You have been very clear with refugee clients in your community about your organization's work hours and what they can do when they need help outside of business hours. Several clients have begun to go to your spouse's workplace and ask him or her to deliver work related messages to you.
What is he talking about?
Working with people who have experienced trauma is traumatizing!
Having a response to hearing people's traumatic stories that includes symptoms similar to Post Traumatic Stress Disorder is normal.
Burn-out and Compassion Fatigue are not the same thing as Secondary Traumatic Stress or Vicarious Trauma.
Secondary Traumatic Stress are Vicarious Trauma are very similar concepts, but were developed by different researchers.
“The expectation that we can be immersed in suffering and loss daily and not be touched by it is as unrealistic as expecting that we be able to walk through water without getting wet.”
Rachel Remen, Kitchen Table Wisdom
"Separate your work role from your from your personal life. Take the time to explain to clients the difference."
"Know your limits."
"Move out of the community."
"Turn off your phone outside of work hours."
"Remind clients to call the office during work hours and in emergencies call the E.R. phone."
Diversity can be seen as the human characteristics that affect individuals values, opportunities, and perceptions of self and others.
They include characteristics of age, ethnicity, gender, mental and physical ability, race, sexual orientation, education, family status, organizational role, work style, first language, religion, where you live, your income, work experience and more.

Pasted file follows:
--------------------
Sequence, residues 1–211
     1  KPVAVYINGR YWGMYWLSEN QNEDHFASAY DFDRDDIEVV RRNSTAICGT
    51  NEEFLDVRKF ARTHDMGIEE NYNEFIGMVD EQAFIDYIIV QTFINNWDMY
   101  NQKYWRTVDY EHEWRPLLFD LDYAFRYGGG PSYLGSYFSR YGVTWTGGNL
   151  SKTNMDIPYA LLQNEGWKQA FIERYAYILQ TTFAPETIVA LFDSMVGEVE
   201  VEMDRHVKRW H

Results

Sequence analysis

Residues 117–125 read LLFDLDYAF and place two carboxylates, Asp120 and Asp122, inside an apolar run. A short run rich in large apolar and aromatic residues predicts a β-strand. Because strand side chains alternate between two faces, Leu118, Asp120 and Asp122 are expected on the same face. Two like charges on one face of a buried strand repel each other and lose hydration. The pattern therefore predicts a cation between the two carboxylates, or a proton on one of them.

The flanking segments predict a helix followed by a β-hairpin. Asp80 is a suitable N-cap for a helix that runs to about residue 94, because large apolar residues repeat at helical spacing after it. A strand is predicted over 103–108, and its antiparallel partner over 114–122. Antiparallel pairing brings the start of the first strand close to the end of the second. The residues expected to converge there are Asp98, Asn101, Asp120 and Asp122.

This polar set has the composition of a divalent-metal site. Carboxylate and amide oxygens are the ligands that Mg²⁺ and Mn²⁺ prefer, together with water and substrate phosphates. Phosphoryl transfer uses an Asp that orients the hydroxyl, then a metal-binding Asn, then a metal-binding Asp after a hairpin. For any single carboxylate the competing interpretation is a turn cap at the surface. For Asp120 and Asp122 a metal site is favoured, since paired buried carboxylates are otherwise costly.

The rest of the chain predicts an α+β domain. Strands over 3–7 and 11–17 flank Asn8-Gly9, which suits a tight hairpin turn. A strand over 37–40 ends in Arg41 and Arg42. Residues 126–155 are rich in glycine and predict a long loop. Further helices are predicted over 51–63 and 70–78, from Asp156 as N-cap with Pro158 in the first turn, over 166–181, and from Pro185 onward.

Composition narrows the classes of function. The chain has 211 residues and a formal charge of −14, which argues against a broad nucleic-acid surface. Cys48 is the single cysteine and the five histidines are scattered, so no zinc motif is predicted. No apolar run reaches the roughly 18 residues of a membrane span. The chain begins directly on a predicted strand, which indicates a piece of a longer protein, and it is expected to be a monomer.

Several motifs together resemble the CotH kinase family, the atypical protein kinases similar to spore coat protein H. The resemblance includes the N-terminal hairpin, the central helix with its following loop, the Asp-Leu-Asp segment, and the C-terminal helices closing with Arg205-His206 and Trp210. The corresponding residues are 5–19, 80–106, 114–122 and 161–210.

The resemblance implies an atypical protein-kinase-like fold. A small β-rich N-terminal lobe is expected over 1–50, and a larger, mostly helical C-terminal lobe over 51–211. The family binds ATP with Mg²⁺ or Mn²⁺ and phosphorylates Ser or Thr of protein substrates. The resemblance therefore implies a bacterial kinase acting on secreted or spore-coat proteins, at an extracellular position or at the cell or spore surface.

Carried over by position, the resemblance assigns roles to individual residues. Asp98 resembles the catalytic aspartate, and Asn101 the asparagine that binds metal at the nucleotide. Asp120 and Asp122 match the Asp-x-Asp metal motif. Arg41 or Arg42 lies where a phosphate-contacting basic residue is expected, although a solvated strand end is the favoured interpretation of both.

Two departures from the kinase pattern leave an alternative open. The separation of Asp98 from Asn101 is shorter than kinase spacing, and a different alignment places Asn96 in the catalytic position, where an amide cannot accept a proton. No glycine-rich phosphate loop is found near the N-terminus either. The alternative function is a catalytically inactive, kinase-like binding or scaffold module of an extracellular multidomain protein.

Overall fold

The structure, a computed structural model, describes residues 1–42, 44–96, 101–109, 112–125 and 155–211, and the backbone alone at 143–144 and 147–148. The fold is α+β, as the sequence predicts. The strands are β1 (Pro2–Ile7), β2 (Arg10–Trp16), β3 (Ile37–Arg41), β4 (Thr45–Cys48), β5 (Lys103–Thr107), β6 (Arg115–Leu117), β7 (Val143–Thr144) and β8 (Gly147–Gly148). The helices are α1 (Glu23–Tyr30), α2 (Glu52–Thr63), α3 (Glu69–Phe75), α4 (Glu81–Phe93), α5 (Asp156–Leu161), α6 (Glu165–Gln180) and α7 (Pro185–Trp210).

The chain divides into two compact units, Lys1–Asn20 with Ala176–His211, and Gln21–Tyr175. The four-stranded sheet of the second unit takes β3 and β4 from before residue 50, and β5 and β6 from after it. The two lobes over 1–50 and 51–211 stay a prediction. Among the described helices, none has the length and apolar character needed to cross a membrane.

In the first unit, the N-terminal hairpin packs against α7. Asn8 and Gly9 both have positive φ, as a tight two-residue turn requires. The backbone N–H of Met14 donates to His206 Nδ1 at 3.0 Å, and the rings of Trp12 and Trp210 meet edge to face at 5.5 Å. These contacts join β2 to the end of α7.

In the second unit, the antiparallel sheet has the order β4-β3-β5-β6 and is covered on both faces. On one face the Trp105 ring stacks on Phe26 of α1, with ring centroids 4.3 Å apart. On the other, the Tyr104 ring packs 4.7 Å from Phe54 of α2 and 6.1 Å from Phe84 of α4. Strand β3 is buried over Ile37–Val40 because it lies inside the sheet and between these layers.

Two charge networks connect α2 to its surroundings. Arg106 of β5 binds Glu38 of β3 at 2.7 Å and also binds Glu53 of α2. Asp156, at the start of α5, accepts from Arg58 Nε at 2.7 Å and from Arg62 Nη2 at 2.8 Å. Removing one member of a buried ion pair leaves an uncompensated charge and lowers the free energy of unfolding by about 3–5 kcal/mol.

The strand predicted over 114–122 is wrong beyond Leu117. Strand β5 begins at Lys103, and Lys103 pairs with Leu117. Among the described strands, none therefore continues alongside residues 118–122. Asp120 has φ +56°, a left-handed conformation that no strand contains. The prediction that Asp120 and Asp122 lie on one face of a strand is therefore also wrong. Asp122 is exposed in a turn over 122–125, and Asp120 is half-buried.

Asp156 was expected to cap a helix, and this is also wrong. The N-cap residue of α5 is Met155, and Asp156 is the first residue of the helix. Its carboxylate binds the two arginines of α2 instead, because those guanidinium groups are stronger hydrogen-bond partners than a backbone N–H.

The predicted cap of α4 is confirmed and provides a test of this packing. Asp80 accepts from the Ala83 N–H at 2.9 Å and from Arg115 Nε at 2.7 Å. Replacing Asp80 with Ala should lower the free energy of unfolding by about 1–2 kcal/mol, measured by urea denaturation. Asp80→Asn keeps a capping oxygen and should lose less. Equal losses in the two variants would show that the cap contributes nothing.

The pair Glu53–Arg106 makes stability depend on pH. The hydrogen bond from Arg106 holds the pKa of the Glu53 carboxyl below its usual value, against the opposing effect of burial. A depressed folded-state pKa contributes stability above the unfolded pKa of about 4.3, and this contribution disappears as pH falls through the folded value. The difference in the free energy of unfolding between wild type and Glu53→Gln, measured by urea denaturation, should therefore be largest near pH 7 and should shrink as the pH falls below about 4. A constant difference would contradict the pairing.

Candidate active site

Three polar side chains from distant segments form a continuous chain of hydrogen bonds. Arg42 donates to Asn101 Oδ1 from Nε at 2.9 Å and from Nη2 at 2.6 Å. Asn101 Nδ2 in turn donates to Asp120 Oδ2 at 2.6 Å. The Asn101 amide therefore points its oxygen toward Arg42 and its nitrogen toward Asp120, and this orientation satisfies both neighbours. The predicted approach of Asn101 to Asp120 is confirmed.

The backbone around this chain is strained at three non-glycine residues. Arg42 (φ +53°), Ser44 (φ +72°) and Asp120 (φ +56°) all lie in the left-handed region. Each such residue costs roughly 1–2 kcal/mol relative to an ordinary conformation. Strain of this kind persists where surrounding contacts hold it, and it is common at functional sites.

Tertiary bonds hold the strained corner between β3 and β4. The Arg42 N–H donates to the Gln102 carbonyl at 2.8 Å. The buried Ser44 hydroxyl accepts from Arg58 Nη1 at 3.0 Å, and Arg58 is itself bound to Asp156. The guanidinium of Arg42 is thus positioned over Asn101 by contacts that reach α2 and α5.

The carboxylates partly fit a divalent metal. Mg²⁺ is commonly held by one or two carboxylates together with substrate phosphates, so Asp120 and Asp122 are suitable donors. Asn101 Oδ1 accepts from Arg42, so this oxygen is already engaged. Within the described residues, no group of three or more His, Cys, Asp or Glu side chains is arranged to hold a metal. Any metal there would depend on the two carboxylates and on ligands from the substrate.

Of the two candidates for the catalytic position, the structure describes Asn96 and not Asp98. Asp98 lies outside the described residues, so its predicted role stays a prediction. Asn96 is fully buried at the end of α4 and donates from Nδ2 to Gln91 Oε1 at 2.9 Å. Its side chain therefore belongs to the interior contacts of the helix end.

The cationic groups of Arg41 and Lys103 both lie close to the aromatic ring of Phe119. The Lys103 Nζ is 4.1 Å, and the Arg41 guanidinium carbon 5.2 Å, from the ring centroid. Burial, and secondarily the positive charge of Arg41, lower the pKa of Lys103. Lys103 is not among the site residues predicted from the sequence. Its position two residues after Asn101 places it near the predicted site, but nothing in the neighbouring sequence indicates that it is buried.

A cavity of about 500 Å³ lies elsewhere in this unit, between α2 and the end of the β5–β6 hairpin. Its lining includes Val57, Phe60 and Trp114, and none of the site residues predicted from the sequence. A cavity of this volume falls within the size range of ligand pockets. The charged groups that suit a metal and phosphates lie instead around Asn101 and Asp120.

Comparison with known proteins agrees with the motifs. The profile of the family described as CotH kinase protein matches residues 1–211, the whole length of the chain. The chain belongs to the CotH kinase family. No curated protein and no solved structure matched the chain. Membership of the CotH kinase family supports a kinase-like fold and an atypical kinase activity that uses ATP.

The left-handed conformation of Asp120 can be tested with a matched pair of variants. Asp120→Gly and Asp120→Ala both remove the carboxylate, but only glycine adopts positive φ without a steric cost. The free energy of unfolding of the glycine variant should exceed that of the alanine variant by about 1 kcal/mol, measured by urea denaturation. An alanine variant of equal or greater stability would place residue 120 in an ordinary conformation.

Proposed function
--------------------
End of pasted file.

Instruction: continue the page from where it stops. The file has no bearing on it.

- Loden, 1996
C is for Connection
Connect with yourself regularly..
Remember your individual psychological strengths
What supports your resiliency?
Pay attention to your self-esteem
Are you intellectually challenged?
What provides meaning for your life?
Monitor your boundaries
What makes you happy?
Identify your external supports
Formal social connections
A supportive work team
Supervision and Mentoring
Training and Education
Spending unscheduled time with friends and peers
Faith or Spiritual groups
Conversation with trusted others
Organization sponsored targeted conversation and training
Knowing your hooks, triggers, transferences, your limits, etc.
Mindfulness activities (meditation, prayer)
Training/increased knowledge of internal processes
Intentional self reflection
Job announcements, interviews and hiring are sensitive to cultural and physical differences
Management fosters open dialogue cultural around culture and for staff to talk through times when they feel like they have made mistakes
Remember that cultural competence is a process, not an end in itself
"Use humor as a coping strategy."
"Talk to someone about your experience, don't isolate yourself."